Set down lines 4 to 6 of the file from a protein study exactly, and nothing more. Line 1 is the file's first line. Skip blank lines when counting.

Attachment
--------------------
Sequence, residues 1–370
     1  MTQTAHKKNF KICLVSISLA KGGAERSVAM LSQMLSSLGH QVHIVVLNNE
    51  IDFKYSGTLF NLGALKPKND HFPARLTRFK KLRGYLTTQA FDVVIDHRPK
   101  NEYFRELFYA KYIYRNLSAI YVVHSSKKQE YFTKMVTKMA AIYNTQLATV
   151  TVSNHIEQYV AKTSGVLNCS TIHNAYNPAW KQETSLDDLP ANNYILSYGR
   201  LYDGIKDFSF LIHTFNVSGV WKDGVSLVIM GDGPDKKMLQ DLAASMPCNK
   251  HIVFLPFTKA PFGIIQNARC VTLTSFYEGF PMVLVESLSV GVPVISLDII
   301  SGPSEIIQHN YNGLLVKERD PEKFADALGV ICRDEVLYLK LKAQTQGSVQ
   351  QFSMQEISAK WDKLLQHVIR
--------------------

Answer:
   101  NEYFRELFYA KYIYRNLSAI YVVHSSKKQE YFTKMVTKMA AIYNTQLATV
   151  TVSNHIEQYV AKTSGVLNCS TIHNAYNPAW KQETSLDDLP ANNYILSYGR
   201  LYDGIKDFSF LIHTFNVSGV WKDGVSLVIM GDGPDKKMLQ DLAASMPCNK